Here’s what happens when we convert these stats into an approximate calculation of actual annual revenue at WMG, using the firm’s published total revenue figures for each FY:

  • Spotify paid around $954 million to Warner in FY2021 (remember, across music publishing and recorded music), which was up by approx. $195 million versus FY2020;
  • Apple paid Warner approx. $689 million in FY2021, up by around $65 million year-on-year vs. FY2020.

This means that Warner’s annual revenue from Spotify, in monetary terms, grew YoY by around three times the equivalent figure from Apple in FY2021.


STAT OF THE WEEK: According to MBW’s calculations, Spotify paid Warner Music Group approximately $954 million in the 12 months to end of September 2021. Combined, Spotify, Apple, and YouTube contributed 42% of all of WMG’s revenues in the year.

Warner didn’t declare a percentage-of-revenue figure for YouTube in FY2020 (i.e. last year), but we know it had to be 9% or lower (as if it was 10% or higher, WMG would have been duty bound to publish it in a SEC filing).

On this basis, we can confidently estimate that the $583 million paid to Warner by YouTube in FY2021 must have been up by at least $181 million on the prior year. (At 9% of revenues in FY2020, YouTube would have paid Warner approximately $402 million.)

That estimated $181 million jump for YouTube suggests that, in the 12 months to end of September 2021, it grew its music streaming revenue (and therefore its related music biz rightsholder payouts) significantly faster than Apple YoY.



What to make of all of these statistics?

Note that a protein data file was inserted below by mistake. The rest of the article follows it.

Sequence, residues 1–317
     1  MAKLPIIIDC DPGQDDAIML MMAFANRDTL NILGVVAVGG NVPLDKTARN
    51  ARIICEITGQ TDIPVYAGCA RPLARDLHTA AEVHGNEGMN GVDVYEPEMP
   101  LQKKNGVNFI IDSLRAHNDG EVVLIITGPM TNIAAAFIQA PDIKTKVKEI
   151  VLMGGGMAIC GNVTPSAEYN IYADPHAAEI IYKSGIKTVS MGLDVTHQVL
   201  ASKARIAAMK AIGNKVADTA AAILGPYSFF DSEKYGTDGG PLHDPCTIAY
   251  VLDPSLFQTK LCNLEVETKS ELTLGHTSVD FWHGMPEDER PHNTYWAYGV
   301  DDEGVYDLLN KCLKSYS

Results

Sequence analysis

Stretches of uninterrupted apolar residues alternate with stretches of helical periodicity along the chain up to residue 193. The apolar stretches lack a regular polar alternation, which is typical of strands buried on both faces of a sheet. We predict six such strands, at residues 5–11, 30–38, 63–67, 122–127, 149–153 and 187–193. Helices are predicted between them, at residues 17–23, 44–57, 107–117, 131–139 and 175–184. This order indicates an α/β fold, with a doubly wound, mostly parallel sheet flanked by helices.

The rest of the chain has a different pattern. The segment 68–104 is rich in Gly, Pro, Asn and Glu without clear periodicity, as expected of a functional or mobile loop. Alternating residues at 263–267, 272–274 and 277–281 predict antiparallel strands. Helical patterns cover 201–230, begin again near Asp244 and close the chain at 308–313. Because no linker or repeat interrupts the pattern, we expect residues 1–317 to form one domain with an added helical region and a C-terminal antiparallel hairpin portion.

It’s true to say that the major music companies keep a very close watchful eye on the individual power of each streaming platform – particularly Spotify, which remains the world’s market leader.

Indeed, both Universal Music Group and Warner Music Group admit to their investors in their financial filings that seeing any one streaming platform contribute too high a percentage of revenues to their companies could become a cause for concern. (If a major becomes too over-reliant on any one platform, that platform could consequently use its leverage to, for example, lower royalty rate payouts in negotiations.)

Then again, Spotify is still only contributing 18% of Warner’s total revenues.

In FY2021, those total revenues weighed in at $5.301 billion – meaning that, while Spotify paid Warner approximately $954 million in the period, various other sources of income paid WMG around $4.35 billion.

That all being true, there appears to be little doubt that Spotify will become a billion-dollar-plus annual revenue partner of WMG’s in the music company’s fiscal 2022.


Warner’s FY total revenue figures for reference: FY2021: $5.301bn; FY2020: $4.463bn; FY2019: $4.475bn; FY2018: $4.005bn.


Cinq Music Group’s repertoire has won Grammy awards, dozens of Gold and Platinum RIAA certifications, and numerous No.1 chart positions on a variety of Billboard charts. Its repertoire includes heavyweights such as Bad Bunny, Janet Jackson, Daddy Yankee, T.I., Sean Kingston, Anuel, and hundreds more.Music Business Worldwide

Related Posts